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It is well known that the letter E is the most common letter. In my corpus, I found 12.478% of letters is letter E. What makes me surprise was 64.219% of words contain the letter E. I also found that 12.384% of words end with a silent E.

Then I wonder why is the letter E so common in English spelling? Is it because of the silent E to some extent?

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    It's because English stole all its words from French. The pronunciation does not matter. As you say, half of the Es we don't even pronounce. And half of the rest we mispronounce because of the Great Vowel Shift. The frequency of letters does not represent the frequency of sounds. Otherwise 75% of all letters in all English words would be a schwa. – RegDwigнt Jul 5 at 11:47
  • Comments are not for extended discussion; this conversation has been moved to chat. – tchrist Aug 5 at 0:35
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While this doesn't speak to the etymological reasons for why 'e' specifically is the most frequent letter, there is actually a very interesting statistical reason that there is such a letter: Zipf's law.

Given some corpus of natural language utterances, the frequency of any word is inversely proportional to its rank in the frequency table.

Zipf's law was originally discovered with regards to Word frequency (e.g. the word 'The' is the most common word in the Brown Corpus), but also applies to many frequency and ranking comparisons, especially where humans are involved in the ranking process.

Essentially, the easiest to recognize, most generally useful sounds and concepts are used more often while the more specific, harder to articulate sounds and concepts are used less often. This generally follows a "long tail" logarithmic curve.

As for the letter 'e', it often represents very easy to pronounce vowels, and orthographically it is also used in English orthography to "silently" affect another vowel (e.g. 'ate' vs. 'at'). Added up, it's a pretty useful little letter!

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There are possibly different reasons why e is the most common letter in English spelling, here are a few:

French words or words that come from Latin also have the “e” as one of the letters that is cost commonly used. English is full of these words. “

—Irene Smith, B.A. Linguistics & Literature, The University of British Columbia; Answered January 12, 2019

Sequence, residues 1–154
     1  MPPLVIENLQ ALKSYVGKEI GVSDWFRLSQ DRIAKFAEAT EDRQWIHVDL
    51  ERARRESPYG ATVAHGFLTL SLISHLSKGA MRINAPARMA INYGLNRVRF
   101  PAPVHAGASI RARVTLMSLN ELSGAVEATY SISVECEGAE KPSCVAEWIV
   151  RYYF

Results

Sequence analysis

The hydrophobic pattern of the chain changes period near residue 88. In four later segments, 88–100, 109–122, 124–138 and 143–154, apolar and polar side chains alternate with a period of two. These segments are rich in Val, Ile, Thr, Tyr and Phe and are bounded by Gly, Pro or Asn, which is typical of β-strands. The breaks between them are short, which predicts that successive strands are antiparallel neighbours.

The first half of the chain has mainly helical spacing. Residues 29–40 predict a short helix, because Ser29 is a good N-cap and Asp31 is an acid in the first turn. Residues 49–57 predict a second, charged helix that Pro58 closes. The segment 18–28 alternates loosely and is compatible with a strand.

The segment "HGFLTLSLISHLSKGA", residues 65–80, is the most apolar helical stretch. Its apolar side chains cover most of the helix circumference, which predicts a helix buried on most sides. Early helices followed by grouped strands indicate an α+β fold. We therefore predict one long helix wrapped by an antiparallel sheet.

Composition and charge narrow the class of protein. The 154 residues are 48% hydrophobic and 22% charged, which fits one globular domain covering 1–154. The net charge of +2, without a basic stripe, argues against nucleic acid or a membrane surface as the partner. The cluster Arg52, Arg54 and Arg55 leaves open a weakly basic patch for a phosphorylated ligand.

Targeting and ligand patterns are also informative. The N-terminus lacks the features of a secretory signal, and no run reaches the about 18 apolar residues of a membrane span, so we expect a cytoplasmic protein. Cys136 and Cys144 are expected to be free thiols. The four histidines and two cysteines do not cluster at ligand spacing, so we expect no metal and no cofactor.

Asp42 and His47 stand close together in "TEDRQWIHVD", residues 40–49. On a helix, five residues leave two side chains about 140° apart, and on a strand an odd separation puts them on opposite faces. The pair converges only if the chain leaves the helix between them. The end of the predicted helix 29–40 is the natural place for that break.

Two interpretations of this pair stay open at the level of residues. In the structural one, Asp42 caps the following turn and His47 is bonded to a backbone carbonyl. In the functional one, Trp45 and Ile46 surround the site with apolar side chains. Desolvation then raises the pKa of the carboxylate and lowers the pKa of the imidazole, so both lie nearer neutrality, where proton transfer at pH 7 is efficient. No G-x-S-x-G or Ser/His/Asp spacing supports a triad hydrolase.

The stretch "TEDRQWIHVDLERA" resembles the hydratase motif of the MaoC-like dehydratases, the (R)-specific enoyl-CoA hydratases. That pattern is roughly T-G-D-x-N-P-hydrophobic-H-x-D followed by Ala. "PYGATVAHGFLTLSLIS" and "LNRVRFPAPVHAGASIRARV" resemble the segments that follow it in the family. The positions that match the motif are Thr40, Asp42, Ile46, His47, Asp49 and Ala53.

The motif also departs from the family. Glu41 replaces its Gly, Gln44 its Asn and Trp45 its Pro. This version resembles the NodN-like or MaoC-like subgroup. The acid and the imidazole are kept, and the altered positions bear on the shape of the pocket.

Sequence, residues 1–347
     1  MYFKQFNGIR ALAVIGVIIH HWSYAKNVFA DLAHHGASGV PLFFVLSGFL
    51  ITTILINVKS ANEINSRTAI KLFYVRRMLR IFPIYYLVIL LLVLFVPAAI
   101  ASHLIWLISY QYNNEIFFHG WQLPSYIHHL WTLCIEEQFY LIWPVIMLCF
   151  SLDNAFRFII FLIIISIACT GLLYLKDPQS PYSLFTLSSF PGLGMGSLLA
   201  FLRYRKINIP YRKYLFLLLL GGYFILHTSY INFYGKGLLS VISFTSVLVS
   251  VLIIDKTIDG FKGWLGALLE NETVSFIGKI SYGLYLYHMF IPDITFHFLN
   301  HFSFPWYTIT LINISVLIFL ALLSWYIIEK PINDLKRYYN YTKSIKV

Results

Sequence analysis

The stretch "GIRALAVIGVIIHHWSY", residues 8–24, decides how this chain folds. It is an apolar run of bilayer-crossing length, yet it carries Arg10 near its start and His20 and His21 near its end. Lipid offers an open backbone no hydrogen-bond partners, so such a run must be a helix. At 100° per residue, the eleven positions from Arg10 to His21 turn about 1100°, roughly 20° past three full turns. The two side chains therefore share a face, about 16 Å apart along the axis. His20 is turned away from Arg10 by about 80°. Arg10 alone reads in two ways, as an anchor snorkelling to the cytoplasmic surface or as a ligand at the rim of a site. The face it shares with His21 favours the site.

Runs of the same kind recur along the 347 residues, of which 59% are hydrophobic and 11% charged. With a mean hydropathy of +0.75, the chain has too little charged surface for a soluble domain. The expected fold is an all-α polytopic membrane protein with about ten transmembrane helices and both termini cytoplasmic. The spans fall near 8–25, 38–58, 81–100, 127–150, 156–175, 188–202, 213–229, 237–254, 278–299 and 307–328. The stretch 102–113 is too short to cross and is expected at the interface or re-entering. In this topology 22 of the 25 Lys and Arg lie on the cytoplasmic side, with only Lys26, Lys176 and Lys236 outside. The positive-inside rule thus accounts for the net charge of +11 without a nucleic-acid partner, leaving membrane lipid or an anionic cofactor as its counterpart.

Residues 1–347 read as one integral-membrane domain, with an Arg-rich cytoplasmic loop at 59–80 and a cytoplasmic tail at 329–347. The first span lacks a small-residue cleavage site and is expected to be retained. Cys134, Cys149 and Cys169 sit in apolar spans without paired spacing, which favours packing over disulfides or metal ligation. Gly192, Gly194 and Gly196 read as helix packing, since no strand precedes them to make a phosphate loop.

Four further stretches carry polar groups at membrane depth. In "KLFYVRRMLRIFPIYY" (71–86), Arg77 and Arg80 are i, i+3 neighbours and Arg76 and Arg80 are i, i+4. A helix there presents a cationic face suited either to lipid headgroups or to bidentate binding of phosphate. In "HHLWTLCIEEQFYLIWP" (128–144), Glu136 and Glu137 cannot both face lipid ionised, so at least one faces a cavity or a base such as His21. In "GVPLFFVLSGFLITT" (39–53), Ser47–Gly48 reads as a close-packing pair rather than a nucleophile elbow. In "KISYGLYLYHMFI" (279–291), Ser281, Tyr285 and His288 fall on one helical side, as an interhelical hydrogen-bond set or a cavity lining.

One major contribution comes from the purely orthographical practice of adding a silent ‘e’ at the end of a word to mark its root vowel as “long”, regardless of its actual quality. Another is the high frequency of the article ‘the’ and the suffixes ‘-es’ and ‘-ed’. However, ‘e’ was already the most frequent letter in Old English which was written with a more one-to-one relationship between sounds and letters, and did not have equally “monotonous” grammatical elements.

—Tor Gjerde, Cand. Scient. Physics, Norwegian University of Science and Technology (1997); Answered January 13, 2019

(Quora.com)

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  • I've read those views from Quora. I agree with some of them but do not with the others. For example, English borrowed many words from French and Latin which also have the "e" as one of the most common letters. So the question then turns out to be why is "e" the most common letter in French and Latin? Or why so many words that contain letter "e" are borrowed in English? – C.K. Jul 5 at 13:31
  • Besides, in my question description, the data 12.478% of letters are E's is word-frequency weighted, but the data 64.219% of words contain the letter E is NOT word-frequency weighted. Therefore, although it is the fact that the high frequency of the article ‘the’ and the suffixes ‘-es’ and ‘-ed’ make letter E more common, without the words frequency factor, the letter E is also very common. – C.K. Jul 5 at 13:41
  • Look forward to more thoughts from you, tks. – C.K. Jul 5 at 13:43
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    Copy-pasting answers from Quora seems a bit problematic for many reasons. – Mitch Jul 5 at 14:00
  • @Mitch: What are those reasons? – HeWhoMustBeNamed Aug 6 at 16:46

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